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智能手机新玩法:挤一挤,捏一捏

智能手机新玩法:挤一挤,捏一捏

Michael Fitzpatrick 2012年10月17日
如今的智能手机用户已经习惯了在触摸屏上滑动手指完成操作,然而,随着可折叠柔性新材料和新技术的发展,未来几年可能出现新型的智能手机。握住手机,挤一挤、捏一捏就可以发出指令,完成各种不同功能。

    我们和自己的智能手机早已亲密无间,几乎不加思索就会用手指在手机屏幕上点触及滑动。现在,日本的一家手机制造商正在设法让我们与智能手机的接触更加亲密,差不多通过挤压、挤捏手机就能发出指令。

    日本最大的移动运营商NTT-DoCoMo最近在东京展示了一款手机,这款手机不仅可以对通常的屏幕触摸做出反应,而且还能对施加在手机边缘的压力做出反应。他们称之为Grip UI用户界面。

    设计目的是便于用户在用一只手的情况下(比如在地铁上用一只手拉住车厢内的柱子时)也能控制智能手机。这是一系列触控式新兴科技产品(甚至可弯曲的手机)中最新推出的功能,这些产品不久有望商业化,以此利用人们与生俱来的、在操纵有触觉感知能力、而且反应灵敏的物体方面的喜爱。迪斯尼研究(Disney)中心匹兹堡实验室的伊凡•普珀雷夫说:“压力感知是手机行业里的一个非常令人感兴趣的研究方向,因此这是很了不起的技术。”他是世界上触觉学领域的主要研究人员之一。

    Docomo的这款基于安卓操作系统的手机周身镶嵌了270个感应条,从而使用户光凭挤压手机边框就能完成至少四个有用的操作。比如,用一只手的所有五个手指紧握这款智能手机的两侧,就能使原先处于休眠模式的手机屏幕解锁启动。用两个手指在手机两侧的中间部位挤捏一下,就相当于按下“后退”按钮。这款手机在东京的日本电子高新科技联展上首次亮相时,其一名展示者解释说:“对于那些你无法按压的图标而言,可以转而使用抓握的方式来实现控制。”

    Docomo不知道这款手机什么时候可能会投产。但像这款手机那样柔韧的电子产品可能还具有其他有益的用途。普珀雷夫称,通过指尖挤压就能控制任何手持式电子产品,这还只是一个开始。10年前,普珀雷夫曾与德国设计师卡斯滕•史维茨西及日本设计师森英次郎进行过合作,尝试为索尼(Sony)研制出世界上第一个可弯曲电子产品的原型。他们调查研究了俗称“Gummi”(德文意思是橡胶)的独特构想。它是一款可弯曲、而且尺寸只有信用卡般大小的电子产品。

    要想点击,只需双手握住这款电子产品,让它弯曲即可。这款产品成为世界各地有可能面市的可弯曲型手机的典范,比如去年首次露面的诺基亚(Nokia)Kinetic手机原型。这款诺基亚手机采用了由三星(Samsung)开发的柔性有机发光显示屏(OLED)技术。三星称,这项技术将会在2013年年初引入市场。它的构想是利用这些最近成功商业化的纤薄有机屏幕所固有的柔韧性。

    到目前为止,最先进的柔性OLED屏幕非常纤薄(相当于人类一根头发的宽度),而且柔性非常强。这种彩色屏幕播放流媒体视频的时候,甚至可以把屏幕绕在一支铅笔上。

    未来的诸多应用可能包括结合由英国公司Plastic Logic制造的可弯曲型电子产品。或者结合由加拿大皇后大学(Queen's University)人类媒体实验室(the Human Media Lab)的研究人员利用电子纸研制出的一款被称为“纸手机”(paperphone)的可弯曲手机。相关研究人员表示,当在这款“纸手机”的边角或侧边处弯曲或折叠时,就能启动智能手机的各种不同功能。

    We are already pretty intimate with our smartphones, poking and swiping their screens almost without second thought. Now a Japanese phone maker is making the case we go a step further, literally squeezing and pinching them to do our bidding.

    The country's biggest mobile carrier, NTT Docomo, showed off a mobile phone in Tokyo recently that responds not only to the usual screen touches but also to pressure applied at its edges. They call it Grip UI.

    The idea is to make controlling a smart phone easier with one hand, while, for example, hanging by one hand from a pole on the subway. It is the latest in a range of emerging technology haptic gadgets -- and even bendable phones -- that promise commercialization soon and that exploit our innate love of manipulating tactile, responsive objects. "Pressure sensitivity is a very interesting direction for phones so this is great technology," says Ivan Poupyrev one of the world'd leading researchers into haptics at Disney's (DIS) labs in Pittsburg.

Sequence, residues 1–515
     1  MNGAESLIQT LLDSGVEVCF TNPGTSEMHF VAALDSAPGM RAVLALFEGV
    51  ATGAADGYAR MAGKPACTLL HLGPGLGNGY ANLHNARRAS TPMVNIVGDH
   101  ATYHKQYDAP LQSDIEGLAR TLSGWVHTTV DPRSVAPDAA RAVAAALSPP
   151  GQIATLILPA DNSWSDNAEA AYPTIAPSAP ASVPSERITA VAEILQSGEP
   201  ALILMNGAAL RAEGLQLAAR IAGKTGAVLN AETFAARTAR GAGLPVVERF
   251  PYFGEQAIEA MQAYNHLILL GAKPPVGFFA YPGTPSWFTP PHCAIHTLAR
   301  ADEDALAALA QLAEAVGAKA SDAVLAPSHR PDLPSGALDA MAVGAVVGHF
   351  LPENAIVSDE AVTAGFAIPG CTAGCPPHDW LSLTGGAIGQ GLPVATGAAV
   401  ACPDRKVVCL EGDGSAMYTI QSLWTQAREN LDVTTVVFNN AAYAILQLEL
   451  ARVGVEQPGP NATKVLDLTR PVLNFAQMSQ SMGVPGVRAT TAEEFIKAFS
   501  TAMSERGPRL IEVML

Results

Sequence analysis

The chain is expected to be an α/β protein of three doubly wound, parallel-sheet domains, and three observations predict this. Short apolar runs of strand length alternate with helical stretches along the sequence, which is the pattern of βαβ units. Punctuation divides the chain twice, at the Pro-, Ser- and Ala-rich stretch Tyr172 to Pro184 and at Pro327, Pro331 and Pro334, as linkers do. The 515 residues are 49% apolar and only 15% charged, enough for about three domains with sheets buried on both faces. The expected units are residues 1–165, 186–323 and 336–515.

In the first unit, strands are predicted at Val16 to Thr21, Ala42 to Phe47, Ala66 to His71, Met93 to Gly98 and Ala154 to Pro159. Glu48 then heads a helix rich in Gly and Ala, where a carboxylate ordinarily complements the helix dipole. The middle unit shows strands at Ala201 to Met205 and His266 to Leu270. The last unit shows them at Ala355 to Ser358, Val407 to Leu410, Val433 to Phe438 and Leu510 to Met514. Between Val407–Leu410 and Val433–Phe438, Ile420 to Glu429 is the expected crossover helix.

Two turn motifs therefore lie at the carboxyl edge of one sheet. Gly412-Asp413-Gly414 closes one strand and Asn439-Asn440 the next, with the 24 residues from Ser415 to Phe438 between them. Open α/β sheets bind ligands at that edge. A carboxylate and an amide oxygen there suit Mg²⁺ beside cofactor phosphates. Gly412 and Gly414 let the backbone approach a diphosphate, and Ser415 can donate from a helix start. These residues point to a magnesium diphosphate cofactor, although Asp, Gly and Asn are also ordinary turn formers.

Docomo's Android-based mobile has 270 sensors embedded into the body of the phone allowing its user to execute at least four useful operations just by squeezing the bezel. Gripping the side of the smart phone with all five fingers will unlock the screen from sleep mode, for example. While pinching the sides at the middle with two fingers is equivalent to pressing the 'back' button. "For the icons you can't press, you can grip instead," explains a demonstrator at the phone's first outing at a Tokyo trade show.

    Docomo doesn't know when the phone might go into production. But malleable gadgets, like this one, could have other useful applications. Being able to control any hand-held with a squeeze of the fingertips is just a start says Poupyrev who teamed up with a German designer Carsten Schwesig and Japanese designer Eijiro Mori, to build one of the world's first prototype flexible electronic devices for Sony (SNE) a decade ago. They were investigating the unique concept of a bendable credit-card-sized device nicknamed Gummi.

    To make a click you just grasped it with two hands and bent it. It became the model worldwide for potential flexible phones such as Nokia's (NOK) "Kinetic" prototype that debuted last year. The Nokia phone uses flexible organic light-emitting display (OLED) technology developed by Samsung -- a technology it says it will bring to market early 2013. The idea is exploit the flexibility inherent in these recently commercialized thin, organic screens.

    So far the most advanced flexible OLED screens are so thin, about the width of a human hair, and so flexible the color display can be rolled around a pencil while streaming video.

    Future applications might include combining bendable electronics as manufactured by British firm Plastic Logic or a flexing phone made from electronic paper created by Canadian researchers at the Human Media Lab at Queen's University dubbed paperphone. When bent or folded at its corners or sides the differing functions of a smartphone are brought to light say the researchers.

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